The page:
In 1996, he published his fourth book, ‘Between History and Hope: Corruption and Democratic Struggle in Tabasco’. In the same year, he intensified his agitation against Mexican Petroleum Company, trying to block oil wells, appearing on television drenched in blood from confrontation with the police, becoming more popular for it.
|Photo: El Pais|
In 1996, López Obrador was elected to the post of the President of PRD, occupying the position from August 2, 1996 to April 10, 1999. During the tenure, the party’s presence in the national politics increased manifold.
In the 1997 legislative election, the party won 125 seats, thus becoming the second political force in the Chamber of Deputies. In the same year, it was able to obtain absolute majority in the Legislative Assembly of Mexican City, forming government under one of its founder members, Cuauhtémoc Cárdenas Solórzano.
In 1998, the PRD formed alliance with the Labor Party and the Ecologist Green Party of Mexico, subsequently winning the state election in Tlaxcala and in Zacatecas. In both the places, it was able to have their own men elected as Governor and form government.
In 1999, the PRD won the state election in Baja California Sur in alliance with the Labor Party. In the same year, López Obrador published his fifth book, ‘Fobaproa: Expediente Abierto: Resena y Archivo’.
Mayor of Mexico City
In July 2000, López Obrador was elected Jefe de Gobierno (Head of Government), Mexico City. In this capacity, he initiated a number of social programs, extending financial assistance to the more vulnerable population of the city. The Universidad Autónoma de la Ciudad de México was also built in his tenure.
He also initiated a zero tolerance policy towards the escalating crime in Mexico City, enlisting the help of former New York City mayor Rudy Giuliani in this. To provide housing to the city population, he encouraged private investment in real estate, offering tax benefits to construction firms.
He also initiated programs for restoring the historic downtown area of Mexico City, concurrently modernizing the area, creating beautiful residential as well as shopping area for the middle class population. He also took up various schemes to improve the flow of traffic within the city.
In May 2004, his detractors tried to impeach him for contempt of court. Many believed that the move was politically motivated, aimed at disqualifying him as a presidential candidate. The impeachment proceeding was dropped when one million people showed their support by marching through the city in April 2005.
Attempt for Mexican Presidency
In September 2005, López Obrador was nominated as PRD’s presidential pre-candidate for the 2006 general election. By then, he had begun his campaign with ‘50 basic commitments to the people of Mexico’, touring across the country, meeting number of delegates.
Early polls placed him far ahead of his opponent, Felipe Calderón Hinojosa. The exit poll also indicated his victory. But when the results were declared it was found that Calderón had won by a margin of 0.56% of votes. It led to a large scale protest.
The Federal Electoral Tribunal ruled that the election was fair, paving the way for Calderón to be sworn in as the President. Thereafter, López Obrador intensified his agitation, inaugurating himself as the “legitimate president” of a parallel government at a massive public ceremony in the Zócalo, Mexico City.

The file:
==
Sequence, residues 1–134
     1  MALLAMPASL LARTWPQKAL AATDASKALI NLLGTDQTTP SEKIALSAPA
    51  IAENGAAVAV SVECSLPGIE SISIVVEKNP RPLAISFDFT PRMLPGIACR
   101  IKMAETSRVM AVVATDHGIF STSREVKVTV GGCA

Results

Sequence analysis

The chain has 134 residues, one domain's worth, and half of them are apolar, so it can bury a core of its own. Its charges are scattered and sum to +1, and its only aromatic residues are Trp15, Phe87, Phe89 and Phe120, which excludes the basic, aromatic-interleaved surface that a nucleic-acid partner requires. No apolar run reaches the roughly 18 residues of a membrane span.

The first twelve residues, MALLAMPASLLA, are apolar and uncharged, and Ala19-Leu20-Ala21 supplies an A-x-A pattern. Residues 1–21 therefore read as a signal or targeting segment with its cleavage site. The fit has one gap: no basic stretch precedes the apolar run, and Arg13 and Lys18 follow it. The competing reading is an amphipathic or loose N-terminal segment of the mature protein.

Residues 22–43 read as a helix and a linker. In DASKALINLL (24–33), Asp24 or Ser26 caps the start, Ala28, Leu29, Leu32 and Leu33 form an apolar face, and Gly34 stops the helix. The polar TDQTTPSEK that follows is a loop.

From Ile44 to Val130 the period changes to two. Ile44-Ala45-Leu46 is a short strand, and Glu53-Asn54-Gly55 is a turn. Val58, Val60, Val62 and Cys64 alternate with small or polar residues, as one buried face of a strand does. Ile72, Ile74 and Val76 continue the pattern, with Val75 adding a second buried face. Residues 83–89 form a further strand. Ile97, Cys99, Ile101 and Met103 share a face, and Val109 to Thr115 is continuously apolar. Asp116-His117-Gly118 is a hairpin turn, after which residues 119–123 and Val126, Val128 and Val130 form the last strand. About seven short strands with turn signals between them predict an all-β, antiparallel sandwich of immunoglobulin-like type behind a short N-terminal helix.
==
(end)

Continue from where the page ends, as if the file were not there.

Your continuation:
In 2012, López Obrador was once again nominated by PRD as their presidential candidate against PRI’s Enrique Peña Nieto and PAN’s Josefina Vázquez Mota, finishing second in the race, acquiring 31.64% vote. Although he accused PRI of vote buying and overspending, a partial recount of vote upheld Peña Nieto’s victory.
On September 9, 2012, López Obrador announced that he was going to leave PRD “on best of terms”. On October 2, he created ‘Movimiento Regeneración Nacional (MORENA; the National Regeneration Movement) as a civil association, registering it as a national party with the National Electoral Institute on July 9, 2014.
In 2017, he presented ‘Alternative Project of Nation 2018-2024’. Shortly thereafter, he made electoral alliance with Social Encounter Party and Labor Party. Entitled ‘Juntos Haremos Historia’ (Together We Will Make History), the alliance nominated him as the pre-candidate for the 2018 federal election, scheduled to be held on July 1.
In his election speeches, he continues to oppose the North American Free Trade Agreement (NAFTA) and the present regime’s decision to open up Mexico’s energy industry to private investment. Although the international press calls him populist for this, he remains steadfast in his decision.
All along, he has continued to write, publishing his 15th book, ‘2018 La salida’ in 2017. In it he reaffirmed that corruption is the main problem of Mexico, calling on his countrymen to end corruption and make honesty a way of life.
Personal Life & Legacy
|Photo: Wall Street Journal|
In 1979, López Obrador married Rocío Beltrán Medina, a former teacher and a writer. He had three children with her, Jose Ramon López Beltrán, Andres Manuel López Beltrán and Gonzalo Alfonso López Beltrán, with her. Rocío Beltrán Medina died in 2003.
In 2006, he married Beatriz Gutiérrez Müller. Together they have son named Jesús Ernesto López Gutiérrez.